Mr. Sparrow, a farmer from Cumberland, told the Ottawa Journal in 1892 that his tolls amounted to between $5 and $7 per month. “That money would go a long way towards buying boots for the child, or clothes for my wife or myself.” Mr. Richard Spratt who lived twelve miles out on the Gloucester Road, echoed Mr. Sparrow’s sentiments saying “The different tolls often mount up to a sum which greatly runs away with the profits, and keeps me from coming into the city as regularly as we might.”
One irate person said in an 1889 letter to the editor of the Ottawa Daily Citizen that country people didn’t object to paying “liberally” for road maintenance, as good roads increased the value of their property, and protected horses from harm and vehicles from damage. However, Ottawa-area highways were badly rutted or muddy in summer, and almost impassible in winter owing to long delays in clearing snow drifts. Added to this was the annoyance of having to stop at the toll-gates to pay the tolls. One could expect lengthy delays if there was a line-up to get through the gate, or if the gate-keeper had to make change. Woe betide anybody short of cash. Then, travellers were at the mercy of the toll-gate keeper who may or may let them through. A case in point was a country family whose supply of coal ordered from the city for delivery on a mid-winter Saturday was stopped at a toll-gate because the deliveryman only had five cents instead of the required seven cents for the toll. The deliveryman had to return to the city and remake the journey on the following Monday, leaving the family cold over the weekend.
There were many similar complaints. One person was incensed by a toll-gate operator demanding a toll on a Sunday in an apparent breach of the Lord’s Day Act. Another complained that the woman keeping the toll-gate at Osgoode forced a party returning from a funeral in Metcalfe to pay a toll. The County Crown Attorney, who was a member of the funeral party, paid it under protest after a pole was “neatly dropped between the dashboard of the cutter and the horse” when the rig attempted to run the gate.
Described as “medieval obstructions to traffic,” pressure to eliminate toll-gates mounted towards the end of the nineteenth century throughout Ontario. In 1897, the City of Ottawa proposed to the County Councils of Carleton and Russell that it would discontinue market tolls paid by farmers if the counties would buy out the private road companies and abolish road tolls in their jurisdictions. Ottawa also indicated that it would support the counties in securing legislation under which the province would provide funds for every mile of macadamized road constructed by the counties. It was to no avail. The Ottawa Journal remarked that “country men have never shown any disposition to meet the city halfway in the matter.”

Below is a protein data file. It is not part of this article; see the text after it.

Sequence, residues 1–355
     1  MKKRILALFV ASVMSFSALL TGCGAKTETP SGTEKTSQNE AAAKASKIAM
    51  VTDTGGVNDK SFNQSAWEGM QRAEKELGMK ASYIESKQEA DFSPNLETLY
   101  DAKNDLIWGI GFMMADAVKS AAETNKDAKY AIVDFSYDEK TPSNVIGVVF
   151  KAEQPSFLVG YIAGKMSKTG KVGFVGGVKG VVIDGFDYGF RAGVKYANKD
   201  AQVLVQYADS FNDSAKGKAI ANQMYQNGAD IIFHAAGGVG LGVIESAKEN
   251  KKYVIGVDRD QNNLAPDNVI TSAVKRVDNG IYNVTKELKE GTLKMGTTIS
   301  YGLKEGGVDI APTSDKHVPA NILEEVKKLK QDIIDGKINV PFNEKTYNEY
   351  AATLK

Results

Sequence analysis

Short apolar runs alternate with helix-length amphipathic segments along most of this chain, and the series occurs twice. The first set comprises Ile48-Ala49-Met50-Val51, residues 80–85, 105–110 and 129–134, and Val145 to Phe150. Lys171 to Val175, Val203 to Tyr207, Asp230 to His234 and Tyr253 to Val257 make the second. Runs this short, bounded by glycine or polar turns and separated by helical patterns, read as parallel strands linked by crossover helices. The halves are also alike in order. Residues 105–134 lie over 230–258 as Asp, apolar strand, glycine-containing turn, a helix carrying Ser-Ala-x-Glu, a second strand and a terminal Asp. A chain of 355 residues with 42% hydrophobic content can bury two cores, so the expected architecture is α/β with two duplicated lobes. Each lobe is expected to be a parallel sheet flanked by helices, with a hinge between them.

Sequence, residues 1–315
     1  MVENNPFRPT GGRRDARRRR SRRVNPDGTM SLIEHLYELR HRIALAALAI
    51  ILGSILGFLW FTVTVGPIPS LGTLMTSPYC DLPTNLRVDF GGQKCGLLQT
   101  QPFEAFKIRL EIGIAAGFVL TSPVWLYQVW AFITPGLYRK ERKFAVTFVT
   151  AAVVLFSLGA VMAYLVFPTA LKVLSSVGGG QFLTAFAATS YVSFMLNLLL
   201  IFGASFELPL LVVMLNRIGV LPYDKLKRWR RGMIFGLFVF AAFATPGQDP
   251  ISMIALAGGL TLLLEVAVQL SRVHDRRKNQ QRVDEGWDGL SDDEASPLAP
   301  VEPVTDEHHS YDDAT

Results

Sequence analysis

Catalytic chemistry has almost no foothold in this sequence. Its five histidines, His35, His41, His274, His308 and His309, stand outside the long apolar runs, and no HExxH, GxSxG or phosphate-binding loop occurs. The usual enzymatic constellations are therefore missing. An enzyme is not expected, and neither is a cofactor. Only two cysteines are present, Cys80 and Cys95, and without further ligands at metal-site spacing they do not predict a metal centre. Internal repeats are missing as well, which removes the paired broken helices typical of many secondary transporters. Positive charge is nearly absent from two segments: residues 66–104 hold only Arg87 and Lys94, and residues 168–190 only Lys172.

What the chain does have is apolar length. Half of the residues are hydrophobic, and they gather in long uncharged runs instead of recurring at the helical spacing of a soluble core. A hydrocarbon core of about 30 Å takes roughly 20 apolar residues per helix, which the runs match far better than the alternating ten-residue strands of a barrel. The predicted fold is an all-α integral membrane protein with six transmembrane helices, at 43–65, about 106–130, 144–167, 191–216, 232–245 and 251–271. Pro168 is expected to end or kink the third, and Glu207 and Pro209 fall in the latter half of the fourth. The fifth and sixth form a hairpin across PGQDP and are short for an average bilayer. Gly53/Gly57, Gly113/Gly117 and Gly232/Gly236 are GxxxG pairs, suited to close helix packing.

Still, the writing was on the wall for toll roads. Owing in part to changes in provincial legislation, by 1914 only sixteen toll roads remained in Ontario, half of which were in Carleton County. These were: the Bytown and Nepean Road (8 5/8 miles); the Richmond Road (7 miles); the Nepean and North Gower Road (5 1/8 miles); the River branch of the Nepean and North Gower Road (2 miles); the Gloucester and Metcalfe Road (9 5/8 miles); the Hunt Club branch of the Gloucester and Metcalfe Road (3 5/8 miles); the Russell Road (4 ¾ miles); and the Montreal Road (8 ¼ miles). But this meant that virtually all access roads into Ottawa were subject to tolls. The only exception was Nicholas Street. In 1912, the new Nicolas Street subdivision at Bannermount, was advertised as being located “just the other side of the Hurdsman’s Bridge” on “the only road free from tolls into the city.”
In 1920, the Carleton County Council finally gave in, enticed by provincial legislation under which the Ontario government would pay 40 per cent of the cost of expropriating the remaining toll roads. This was sweetened by a deal with the City of Ottawa under which Ottawa would pay a further 30 per cent of the cost. Many old county councillors who had previously rejected the elimination of tolls became enthusiastic supporters of toll-free roads. In the end, only one councillor, the representative of Osgoode, dissented.
On the order of the court, the toll roads operated by the Bytown and Nepean Company, the Nepean and North Gower Consolidated Road Company, the Ottawa and Gloucester Road Company and the Ottawa, Montreal and Russell Road Company passed into the control of Carleton County. Starting Monday, 9 February 1920, the nine remaining toll gates—two gates on Montreal Road, one on Russell Road, two on Metcalfe Road (Bank Street), two on Richmond Road, and two on Merivale Road—were lifted for good. (There was another toll-gate on Hunt Club/Bowesville Road but it was not in operation at that time due to the poor condition of the road.)